The guidance extended to employers with less than 50 full-time employees that are also not required to offer group plans under the ACA.
To make matters more difficult, small employers that used HRAs without a qualified plan faced significant fines — up to $100 per day, per participant. That could mean a $146,000 excise tax for an employer of four that operates a standalone HRA for one year.
“A big problem among small businesses is that a lot of employers continued to offer standalone HRAs without realizing they were out of compliance,” Sweetnam said. Other employers that were aware of the Treasury and Labor departments’ guidance on HRAs chose to stop offering the accounts, leaving their employers with less compensation for medical benefits and costs.
That all changes with the Cures Act, which creates a new HRA, coined the term “qualified small employer health reimbursement arrangement,” or QSEHRA.
Employers can fund up to $4,950 for individuals and $10,000 for families under the new accounts.
Brokers will have to keep certain restrictions in mind. Employers, for one, will still have to fall under the 50-employee threshold to use the standalone HRAs. And employers will not qualify for the new accounts if they already offer a group plan to any of its employees, according to language in the new law.
Under the accounts, employers can create a customized reimbursement plan from a long list of qualified services.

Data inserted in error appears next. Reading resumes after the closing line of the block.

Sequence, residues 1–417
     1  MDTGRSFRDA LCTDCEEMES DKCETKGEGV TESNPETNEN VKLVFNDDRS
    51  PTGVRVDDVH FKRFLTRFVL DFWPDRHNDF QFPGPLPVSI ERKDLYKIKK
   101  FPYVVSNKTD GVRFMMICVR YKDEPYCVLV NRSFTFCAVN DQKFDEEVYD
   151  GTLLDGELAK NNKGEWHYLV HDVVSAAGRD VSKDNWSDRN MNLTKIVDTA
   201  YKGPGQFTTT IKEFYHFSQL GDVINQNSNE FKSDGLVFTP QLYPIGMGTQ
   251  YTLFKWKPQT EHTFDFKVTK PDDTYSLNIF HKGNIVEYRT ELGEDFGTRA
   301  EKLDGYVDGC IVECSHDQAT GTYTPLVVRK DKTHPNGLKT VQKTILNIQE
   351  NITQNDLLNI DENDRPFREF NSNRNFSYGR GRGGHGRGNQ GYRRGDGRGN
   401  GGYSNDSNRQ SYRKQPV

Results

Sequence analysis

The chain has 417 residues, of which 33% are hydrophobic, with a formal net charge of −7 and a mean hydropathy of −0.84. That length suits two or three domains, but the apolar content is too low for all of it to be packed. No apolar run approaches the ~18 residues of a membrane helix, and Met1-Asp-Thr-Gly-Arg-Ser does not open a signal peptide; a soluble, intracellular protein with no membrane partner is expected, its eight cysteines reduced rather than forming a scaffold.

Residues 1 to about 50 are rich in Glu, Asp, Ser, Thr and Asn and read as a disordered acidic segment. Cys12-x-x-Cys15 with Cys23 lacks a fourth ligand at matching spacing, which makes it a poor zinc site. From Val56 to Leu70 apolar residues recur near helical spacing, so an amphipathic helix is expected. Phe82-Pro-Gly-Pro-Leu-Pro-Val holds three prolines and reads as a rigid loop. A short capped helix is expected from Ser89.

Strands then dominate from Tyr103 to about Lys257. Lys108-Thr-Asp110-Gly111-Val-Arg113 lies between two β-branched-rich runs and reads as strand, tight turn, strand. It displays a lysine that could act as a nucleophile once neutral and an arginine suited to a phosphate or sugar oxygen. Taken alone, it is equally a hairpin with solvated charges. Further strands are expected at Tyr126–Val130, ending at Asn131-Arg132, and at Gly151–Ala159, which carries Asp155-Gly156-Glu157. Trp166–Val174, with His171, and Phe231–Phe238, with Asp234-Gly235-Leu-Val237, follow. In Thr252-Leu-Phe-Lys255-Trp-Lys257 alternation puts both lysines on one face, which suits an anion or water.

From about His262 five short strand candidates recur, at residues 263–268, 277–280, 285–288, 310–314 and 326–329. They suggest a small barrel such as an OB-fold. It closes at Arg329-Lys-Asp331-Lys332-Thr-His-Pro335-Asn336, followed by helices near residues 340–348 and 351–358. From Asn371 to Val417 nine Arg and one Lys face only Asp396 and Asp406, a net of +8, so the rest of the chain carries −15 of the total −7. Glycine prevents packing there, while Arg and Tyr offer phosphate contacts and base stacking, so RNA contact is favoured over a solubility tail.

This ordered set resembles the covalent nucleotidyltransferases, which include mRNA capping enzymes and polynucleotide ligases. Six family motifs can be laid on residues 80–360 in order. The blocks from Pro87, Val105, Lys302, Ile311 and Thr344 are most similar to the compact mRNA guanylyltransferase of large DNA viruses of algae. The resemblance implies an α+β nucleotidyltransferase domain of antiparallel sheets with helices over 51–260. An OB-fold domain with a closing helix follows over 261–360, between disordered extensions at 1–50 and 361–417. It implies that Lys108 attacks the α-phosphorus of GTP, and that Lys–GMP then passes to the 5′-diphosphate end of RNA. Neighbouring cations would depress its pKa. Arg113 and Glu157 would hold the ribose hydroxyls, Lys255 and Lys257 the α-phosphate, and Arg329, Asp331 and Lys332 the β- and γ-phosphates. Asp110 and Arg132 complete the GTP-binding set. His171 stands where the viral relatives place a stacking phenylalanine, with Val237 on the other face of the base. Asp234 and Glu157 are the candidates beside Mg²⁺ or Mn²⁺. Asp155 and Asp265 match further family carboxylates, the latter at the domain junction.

The law says that employers must fund every employee’s HRAs under the same terms. But it also includes language that allows employers to provide different levels of funding depending on the cost of individual insurance premiums.
Since the ACA was introduced, enterprising benefits brokers have used HRAs to help employers comply with their mandate, says Sweetnam.
The new QSEHRA option creates a potential competitive opening for brokers serving businesses that are not required to offer coverage, he said.
“If you are a smart broker, this is something you are going to look at help build business with small employers,” said Sweetnam.
While the law creates new flexibility for small employers, Sweetnam says the option comes with a new set of complications.
“It’s a double-edged sword for employers,” he says “Setting up HRAs can be complicated for small businesses with limited internal resources. And there will be new compliance requirements.”
That reality underscores the value brokers can deliver, says Sweetnam.
One of the new law’s key provisions requires employers to verify that their workers have purchased, under the ACA’s individual mandate, a qualified plan with minimum essential coverage. Lawmakers designed the regulation to ensure it did not create a cash incentive for younger lives to leave the individual market’s risk pool.